The town of Stourbridge lies 12 miles to the west of Birmingham and a similar distance to the south of Wolverhampton at a point on the old Worcestershire and Staffordshire border. The original township (Sturbrug or Sturesbridge) probably dates back to the 12th century when it was part of the manor of Swynford. The name was undoubtedly due to a bridge across the River Stour at this point. Over the Centuries the town developed from market town to woollen cloth production and then in the 17th Century came the industry for which it has remained best known, that is the production of glass and glass objects. With the “Industrial Revolution” came manufacturing industry, canals and a railway line. The glass industry declined during the later stages of the 20th Century, but manufacturing industry has remained although changing nature with the years. With the railway line and the close proximity of motorways the town does also to some extent serve as a dormitory town for other towns and cities. Although originally in Worcestershire, due to boundary changes, in 1974, Stourbridge became part of Dudley Metropolitan Borough in the West Midlands.

Methodism in the Midlands had had a somewhat mixed reception in Wednesbury between 1740 and 1743 with riots greeting the Wesley brothers in 1743, but within a few decades things had very much settled down in their favour. In 1805 the first established Methodist group came into being in Stourbridge and a Methodist Church was first constructed on the site of the present Church.

There has been a Methodist church operating on this site since 1805. The present schoolroom block was built and opened in 1886. The present church worship building was built in 1928, together with a single storey building to the rear, when the 1805 building had been adjudged to be beyond economic maintenance. In 1971 a first floor was incorporated into the “school” building and in 1987 the ground floor was modified to include a new kitchen.

Architects drawings of the "Welseyan Church Stourbridge" (New Road's current building). The back elevation, cross section, front elevation, elevation to the back passage, longitudal section and side elevation is shown.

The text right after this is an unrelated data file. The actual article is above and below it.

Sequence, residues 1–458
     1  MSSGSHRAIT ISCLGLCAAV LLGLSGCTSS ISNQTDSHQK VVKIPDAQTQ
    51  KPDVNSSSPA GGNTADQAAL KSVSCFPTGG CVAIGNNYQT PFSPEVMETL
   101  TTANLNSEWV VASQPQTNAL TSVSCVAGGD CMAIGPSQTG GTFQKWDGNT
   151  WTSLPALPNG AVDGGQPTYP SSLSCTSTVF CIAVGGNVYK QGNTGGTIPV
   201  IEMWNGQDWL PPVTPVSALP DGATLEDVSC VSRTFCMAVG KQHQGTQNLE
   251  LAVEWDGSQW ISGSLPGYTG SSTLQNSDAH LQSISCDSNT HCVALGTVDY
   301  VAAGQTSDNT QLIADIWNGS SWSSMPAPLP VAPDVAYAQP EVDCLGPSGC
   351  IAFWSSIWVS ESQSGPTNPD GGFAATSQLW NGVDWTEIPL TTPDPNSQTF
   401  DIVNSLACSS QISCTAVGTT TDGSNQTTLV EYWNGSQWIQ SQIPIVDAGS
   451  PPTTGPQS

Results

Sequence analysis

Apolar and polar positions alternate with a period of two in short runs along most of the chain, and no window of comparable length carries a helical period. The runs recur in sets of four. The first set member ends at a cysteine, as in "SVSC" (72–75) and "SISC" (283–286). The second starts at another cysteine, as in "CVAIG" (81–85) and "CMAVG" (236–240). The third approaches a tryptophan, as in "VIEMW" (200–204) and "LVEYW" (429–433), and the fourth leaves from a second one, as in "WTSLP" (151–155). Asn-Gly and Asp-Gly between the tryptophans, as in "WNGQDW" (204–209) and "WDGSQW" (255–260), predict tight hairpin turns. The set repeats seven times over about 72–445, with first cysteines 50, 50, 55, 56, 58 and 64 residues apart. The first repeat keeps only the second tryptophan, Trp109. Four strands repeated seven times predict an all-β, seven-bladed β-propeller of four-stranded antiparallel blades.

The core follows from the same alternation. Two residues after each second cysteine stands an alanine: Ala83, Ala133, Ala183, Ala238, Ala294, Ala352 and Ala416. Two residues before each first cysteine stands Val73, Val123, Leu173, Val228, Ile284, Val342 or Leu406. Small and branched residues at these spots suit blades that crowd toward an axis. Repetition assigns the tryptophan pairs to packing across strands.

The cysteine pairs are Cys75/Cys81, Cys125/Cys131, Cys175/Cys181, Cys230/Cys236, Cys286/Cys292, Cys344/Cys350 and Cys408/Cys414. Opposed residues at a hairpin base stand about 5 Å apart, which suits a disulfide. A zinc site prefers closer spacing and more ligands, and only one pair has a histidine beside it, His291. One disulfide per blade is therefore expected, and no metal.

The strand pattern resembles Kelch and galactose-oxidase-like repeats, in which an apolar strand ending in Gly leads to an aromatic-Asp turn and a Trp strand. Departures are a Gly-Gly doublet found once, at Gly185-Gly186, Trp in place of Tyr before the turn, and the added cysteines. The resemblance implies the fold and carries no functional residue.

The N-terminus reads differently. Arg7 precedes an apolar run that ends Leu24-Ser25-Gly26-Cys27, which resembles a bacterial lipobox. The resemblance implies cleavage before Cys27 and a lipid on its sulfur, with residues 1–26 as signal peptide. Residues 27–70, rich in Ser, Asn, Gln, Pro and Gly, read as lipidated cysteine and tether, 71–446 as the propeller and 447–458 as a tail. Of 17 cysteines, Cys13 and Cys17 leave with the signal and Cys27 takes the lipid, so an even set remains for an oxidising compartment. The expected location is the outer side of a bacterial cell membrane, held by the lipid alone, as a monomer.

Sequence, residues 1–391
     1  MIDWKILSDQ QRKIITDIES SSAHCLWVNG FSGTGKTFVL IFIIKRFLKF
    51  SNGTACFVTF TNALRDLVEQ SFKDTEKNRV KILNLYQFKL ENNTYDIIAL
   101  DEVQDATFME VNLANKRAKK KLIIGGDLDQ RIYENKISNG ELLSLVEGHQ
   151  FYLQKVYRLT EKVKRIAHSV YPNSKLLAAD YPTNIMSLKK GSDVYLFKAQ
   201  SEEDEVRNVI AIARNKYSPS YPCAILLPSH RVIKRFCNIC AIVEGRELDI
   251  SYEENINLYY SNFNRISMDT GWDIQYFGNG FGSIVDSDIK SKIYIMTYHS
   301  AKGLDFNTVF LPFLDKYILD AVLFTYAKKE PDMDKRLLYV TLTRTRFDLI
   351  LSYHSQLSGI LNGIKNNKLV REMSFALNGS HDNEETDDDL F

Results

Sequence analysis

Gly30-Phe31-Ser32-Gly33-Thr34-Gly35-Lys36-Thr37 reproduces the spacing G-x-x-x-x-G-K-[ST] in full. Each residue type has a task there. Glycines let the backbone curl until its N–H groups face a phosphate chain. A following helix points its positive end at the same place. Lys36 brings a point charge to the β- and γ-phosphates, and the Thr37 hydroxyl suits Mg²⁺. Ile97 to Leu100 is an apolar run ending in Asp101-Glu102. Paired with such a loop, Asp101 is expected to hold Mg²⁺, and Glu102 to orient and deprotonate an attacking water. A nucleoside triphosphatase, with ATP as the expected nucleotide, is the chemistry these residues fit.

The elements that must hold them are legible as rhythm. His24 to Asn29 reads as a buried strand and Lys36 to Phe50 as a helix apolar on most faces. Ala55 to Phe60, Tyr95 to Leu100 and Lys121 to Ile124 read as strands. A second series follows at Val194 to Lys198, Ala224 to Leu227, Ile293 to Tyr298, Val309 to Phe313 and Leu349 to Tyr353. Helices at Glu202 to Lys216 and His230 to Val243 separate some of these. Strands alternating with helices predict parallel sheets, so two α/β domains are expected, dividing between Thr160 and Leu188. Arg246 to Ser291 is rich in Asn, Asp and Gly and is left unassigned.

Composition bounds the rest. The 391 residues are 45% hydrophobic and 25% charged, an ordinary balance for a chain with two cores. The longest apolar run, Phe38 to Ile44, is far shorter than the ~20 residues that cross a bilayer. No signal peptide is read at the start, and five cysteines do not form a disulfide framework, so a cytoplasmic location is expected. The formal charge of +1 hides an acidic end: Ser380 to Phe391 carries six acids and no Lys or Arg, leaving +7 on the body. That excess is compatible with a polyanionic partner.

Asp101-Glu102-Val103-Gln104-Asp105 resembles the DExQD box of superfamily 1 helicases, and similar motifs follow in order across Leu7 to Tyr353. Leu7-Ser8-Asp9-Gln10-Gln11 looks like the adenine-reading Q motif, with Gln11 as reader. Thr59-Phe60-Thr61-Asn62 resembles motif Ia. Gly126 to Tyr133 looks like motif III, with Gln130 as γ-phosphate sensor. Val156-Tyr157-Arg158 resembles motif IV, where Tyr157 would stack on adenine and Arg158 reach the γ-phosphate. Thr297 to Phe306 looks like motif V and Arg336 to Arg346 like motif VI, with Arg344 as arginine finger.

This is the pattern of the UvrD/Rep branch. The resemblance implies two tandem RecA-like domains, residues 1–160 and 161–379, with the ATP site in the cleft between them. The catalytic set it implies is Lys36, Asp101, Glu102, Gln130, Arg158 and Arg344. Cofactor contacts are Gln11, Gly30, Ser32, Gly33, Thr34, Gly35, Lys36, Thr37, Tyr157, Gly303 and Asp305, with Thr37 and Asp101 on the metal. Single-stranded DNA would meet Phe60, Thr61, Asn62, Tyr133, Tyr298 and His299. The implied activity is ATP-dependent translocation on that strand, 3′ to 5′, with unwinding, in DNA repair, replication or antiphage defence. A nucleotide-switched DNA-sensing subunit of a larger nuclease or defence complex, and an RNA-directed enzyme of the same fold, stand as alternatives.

Since that time the suite of church buildings has remained unchanged apart from the addition of two stained glass windows within the church worship area. The 1928 railings were given towards the war effort having since been replaced and re‑aligned when the Stourbridge ring road was constructed.

There was also a two storey caretaker's cottage which was built in 1928 and which has recently been demolished for future developments.

When the Stourbridge ring road was constructed in the 1960s' it had a significant impact upon the entry and exit from the church buildings and the rear car park affecting both pedestrians and cars. This has since been magnified by the recent legislation regarding Health & Safety and provision of facilities for the disabled to comply with the Disability Discrimination Act.

It has now become necessary to update the present facilities to meet the 21st Century requirements for the current users and with the intention of increasing our existing outreach into the local community particularly with regard to the young people, the elderly and events.

As with most church communities the number of people coming to church has steadily reduced over the years with the present church worship area becoming larger than our present needs for Sunday Worship alone. The schooIroom block which is about 120 years old together with some of the ancillary buildings are too expensive to maintain and heat. In fact the heating and lighting systems are old and out of date for community use. With these facts in mind, together with our intention to remain a viable organisation with much to offer in the local community and with environmental impact very much in our minds as well as those of the public at large it has become necessary to address these problems.

Accordingly in 2001 a development committee was formed to study our long-term community and building needs. The present refurbishments are a result of this.

After being organist at New Road since he was 19yrs and completing over 50 years of loyal service at the church, Michael Carless stood down as regular organist and choirmaster in 2022.


Revd H. R. Crosby 1928-1929
Revd J. Nevison Philipson 1929-1932
Revd C. R. Butler 1932-1935
Revd H. R. Goodwin  1935-1940
Revd W. W. Ensor 1940-1947
Revd A. S. Barton 1947-1950
Revd Lawrence Tattersal 1950-1955
Revd Sam McCutcheon 1955-1963
Revd George Elvidge 1963-1971
Revd Philip Hodgson 1971-1980
Revd John Mountford 1980‑1985
Revd David Meacham 1985‑1990
Revd Alan Elgar 1990‑1995
Revd Janet Roe 1995‑2001
Revd Peter Clarke 2001‑2006
Revd Stuart Davis 2006‑2011
Revd Rachel Wood  2011-2016
Revd Michael Payne 2016-present